It’s possible to lead without managing people — and this process helped me find the perfect role

A woman looks out of a skyscraper window at the skyline.
A woman looks out of a skyscraper window at the skyline.
Image credit: skyNext

I’ve been working in the tech industry for over ten years at various software as a service (SaaS) companies on customer success teams. I started my tech career working for an EdTech startup where I was writing marketing materials and managing customer relationships. Then I moved on to a ratings and reviews company that helped brands and retailers collect and amplify reviews on their products to increase conversion. Next up, I joined a tech recruiting company that helped other companies hire tech talent through targeted content. …

Start with your values and go from there

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We live in a grind culture. You can argue that it’s an outgrowth of a combination of capitalism, the rising cost of living that hasn’t kept up with wages, and America’s obsession with work over play, but whatever the origins, it’s where we live now. You can’t open a social media app, read an article, or browse the virtual book shelves without seeing someone who is talking about launching their side business. There are podcasts about side hustles, there are books, YouTube videos, and entire Instagram accounts — all based on the premise that it’s not just valuable to set…

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Sometimes using just the right words makes all the difference

Customer success professionals have a hard job. With the rise in need for ensuring companies retain their customers, the job of the customer success manager (CSM)becomes more and more critical. 2020 threw in frightening technicolor that retaining customers is the only thing that matters in a business, which forced an already-in-motion shift from hard-driving new business wins to customer retention and expansion.

A good CSM acts as the quarterback for the customer. She is the voice and advocate for the customer internally, driving product adoption and outcomes. She’s elevating product feedback internally and being a relentless cheerleader for all things…

My best friend made a joke about how I quit everything. She wasn’t wrong.

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From the age of 10 to the age of 17, I danced. I started with ballet, added in jazz and modern, and even dabbled in hip hop. A 10-year old girl who took ballet lessons isn’t a very original story, but I was an economically disadvantaged 10-year old and in order to afford my dance lessons and my pointe shoes, my mother used to make the costumes for the performances in exchange for my tuition.

I was also a talented dancer, and my athletic build made my jumps very high and my turns really tight. I loved dance. Until one…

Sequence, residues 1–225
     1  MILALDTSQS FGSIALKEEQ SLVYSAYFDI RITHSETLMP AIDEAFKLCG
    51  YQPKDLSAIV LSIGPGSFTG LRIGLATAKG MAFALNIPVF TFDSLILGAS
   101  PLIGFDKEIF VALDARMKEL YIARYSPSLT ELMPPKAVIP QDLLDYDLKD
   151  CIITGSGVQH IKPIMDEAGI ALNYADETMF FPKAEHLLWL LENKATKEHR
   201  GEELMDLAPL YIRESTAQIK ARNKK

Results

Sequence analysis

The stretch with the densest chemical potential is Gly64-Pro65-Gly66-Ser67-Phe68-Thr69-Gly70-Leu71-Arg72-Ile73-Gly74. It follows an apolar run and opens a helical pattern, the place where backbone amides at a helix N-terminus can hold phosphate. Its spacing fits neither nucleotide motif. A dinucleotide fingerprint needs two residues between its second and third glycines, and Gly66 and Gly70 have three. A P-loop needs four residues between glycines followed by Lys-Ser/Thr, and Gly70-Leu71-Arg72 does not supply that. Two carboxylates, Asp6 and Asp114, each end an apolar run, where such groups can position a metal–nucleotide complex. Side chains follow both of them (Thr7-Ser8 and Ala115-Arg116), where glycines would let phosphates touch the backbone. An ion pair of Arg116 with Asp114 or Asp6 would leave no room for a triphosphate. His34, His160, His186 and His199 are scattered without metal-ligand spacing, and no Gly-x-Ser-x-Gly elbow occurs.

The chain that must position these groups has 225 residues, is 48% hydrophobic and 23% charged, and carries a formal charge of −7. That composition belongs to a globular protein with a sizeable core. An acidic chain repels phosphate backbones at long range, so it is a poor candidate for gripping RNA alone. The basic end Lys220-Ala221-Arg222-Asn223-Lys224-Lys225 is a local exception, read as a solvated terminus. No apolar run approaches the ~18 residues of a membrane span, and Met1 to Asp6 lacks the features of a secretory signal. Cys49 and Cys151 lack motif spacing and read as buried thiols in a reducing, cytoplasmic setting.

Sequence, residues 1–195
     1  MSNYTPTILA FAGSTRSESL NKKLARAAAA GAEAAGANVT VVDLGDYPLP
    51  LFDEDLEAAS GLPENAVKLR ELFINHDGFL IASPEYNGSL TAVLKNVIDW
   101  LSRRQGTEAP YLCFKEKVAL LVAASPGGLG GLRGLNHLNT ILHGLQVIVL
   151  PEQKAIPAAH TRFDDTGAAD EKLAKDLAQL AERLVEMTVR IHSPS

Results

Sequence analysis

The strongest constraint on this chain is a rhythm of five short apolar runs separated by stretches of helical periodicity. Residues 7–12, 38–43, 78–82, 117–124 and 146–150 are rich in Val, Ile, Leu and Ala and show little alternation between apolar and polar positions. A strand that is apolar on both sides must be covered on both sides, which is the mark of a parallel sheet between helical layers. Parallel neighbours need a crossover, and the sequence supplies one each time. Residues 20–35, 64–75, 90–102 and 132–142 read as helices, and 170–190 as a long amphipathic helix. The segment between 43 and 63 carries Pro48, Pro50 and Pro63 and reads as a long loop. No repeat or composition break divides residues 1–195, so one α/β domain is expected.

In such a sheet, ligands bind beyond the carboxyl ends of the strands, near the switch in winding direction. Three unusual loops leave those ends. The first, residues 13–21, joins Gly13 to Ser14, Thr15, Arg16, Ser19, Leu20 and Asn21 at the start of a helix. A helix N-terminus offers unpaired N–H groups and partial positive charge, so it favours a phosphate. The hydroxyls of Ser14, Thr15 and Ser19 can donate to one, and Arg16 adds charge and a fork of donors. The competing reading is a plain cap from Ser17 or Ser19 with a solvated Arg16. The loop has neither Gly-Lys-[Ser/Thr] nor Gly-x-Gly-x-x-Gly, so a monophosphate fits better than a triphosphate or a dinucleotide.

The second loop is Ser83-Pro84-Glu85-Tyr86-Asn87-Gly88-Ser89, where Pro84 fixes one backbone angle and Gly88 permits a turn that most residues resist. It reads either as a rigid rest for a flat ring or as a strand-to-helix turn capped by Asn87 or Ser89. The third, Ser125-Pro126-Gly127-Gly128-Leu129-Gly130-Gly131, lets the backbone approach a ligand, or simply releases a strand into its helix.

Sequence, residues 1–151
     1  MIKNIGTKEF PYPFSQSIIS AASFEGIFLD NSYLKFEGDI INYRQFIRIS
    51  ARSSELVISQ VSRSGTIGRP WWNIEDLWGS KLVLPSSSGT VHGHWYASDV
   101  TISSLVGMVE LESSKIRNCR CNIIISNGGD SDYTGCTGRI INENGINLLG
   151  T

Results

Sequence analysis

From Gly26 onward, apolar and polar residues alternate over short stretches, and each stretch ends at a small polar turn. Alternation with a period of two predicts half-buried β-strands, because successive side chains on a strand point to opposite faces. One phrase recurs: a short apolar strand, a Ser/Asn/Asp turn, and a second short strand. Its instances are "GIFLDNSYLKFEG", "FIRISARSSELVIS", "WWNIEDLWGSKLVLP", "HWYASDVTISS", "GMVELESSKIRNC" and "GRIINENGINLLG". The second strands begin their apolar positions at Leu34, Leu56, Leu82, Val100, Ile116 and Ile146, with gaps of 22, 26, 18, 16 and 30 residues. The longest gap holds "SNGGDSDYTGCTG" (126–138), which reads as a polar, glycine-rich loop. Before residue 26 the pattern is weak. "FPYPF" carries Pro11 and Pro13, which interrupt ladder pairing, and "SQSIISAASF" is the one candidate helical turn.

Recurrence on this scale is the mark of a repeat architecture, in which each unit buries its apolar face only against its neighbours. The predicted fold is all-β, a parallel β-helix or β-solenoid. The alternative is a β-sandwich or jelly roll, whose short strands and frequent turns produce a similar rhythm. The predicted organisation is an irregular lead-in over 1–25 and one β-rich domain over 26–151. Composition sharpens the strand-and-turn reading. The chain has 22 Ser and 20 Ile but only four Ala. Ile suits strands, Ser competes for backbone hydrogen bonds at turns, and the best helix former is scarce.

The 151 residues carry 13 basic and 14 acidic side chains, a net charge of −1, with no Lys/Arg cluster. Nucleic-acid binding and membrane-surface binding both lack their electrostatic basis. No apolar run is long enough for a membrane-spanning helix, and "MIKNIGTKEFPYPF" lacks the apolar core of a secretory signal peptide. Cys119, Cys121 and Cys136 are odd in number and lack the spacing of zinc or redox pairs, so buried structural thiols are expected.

Therapy is a not-so-secret weapon for professional success

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I first went to therapy as a way to salvage my marriage when I was 25 years old. I’ve continued going to therapy for the better part of 10 years, and the lessons and insights haven’t slowed down. It remains a critical aspect of my growth as a person.

Professionally, I’ve worked in customer success at tech companies for over a decade as both an individual contributor and a leader. I believe integrating what you learn in life into the workplace is a no-brainer in terms of positively contributing to a team or an organization. …

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I recently finished Think Again: The Power of Knowing What you Don’t Know by Adam Grant. Full book review aside, it does an excellent job of laying out the case for not staying married to our beliefs. Through research and anecdotes, Grant takes us through the three archetypes of the preacher, the politician, and the prosecutor that so many of us fall into when we find ourselves defending our beliefs.

We preach when we get on our soap box and explain in great detail why what we believe is the thing to believe, not unlike a preacher at his pulpit…

Evelyn in Kilkee, Ireland. April 2017.

Stumbling into your first mother’s day after your mom has died is a strange thing. I was anticipating a tsunami of grief as my dear friend would say, but it’s more of a low, long, deep hum of waves and ripples crashing in and out. I last saw my mother alive a year ago, almost exactly a year ago today, at my brother’s law school graduation.

She did her normal things to annoy me, wandered off in a crowd so we had to send a sentry to look for her because she was too short to be spotted in a…

Arit Nsemo

Tech professional, coach, and avid reader who writes about work, balance and aligning values to your life.

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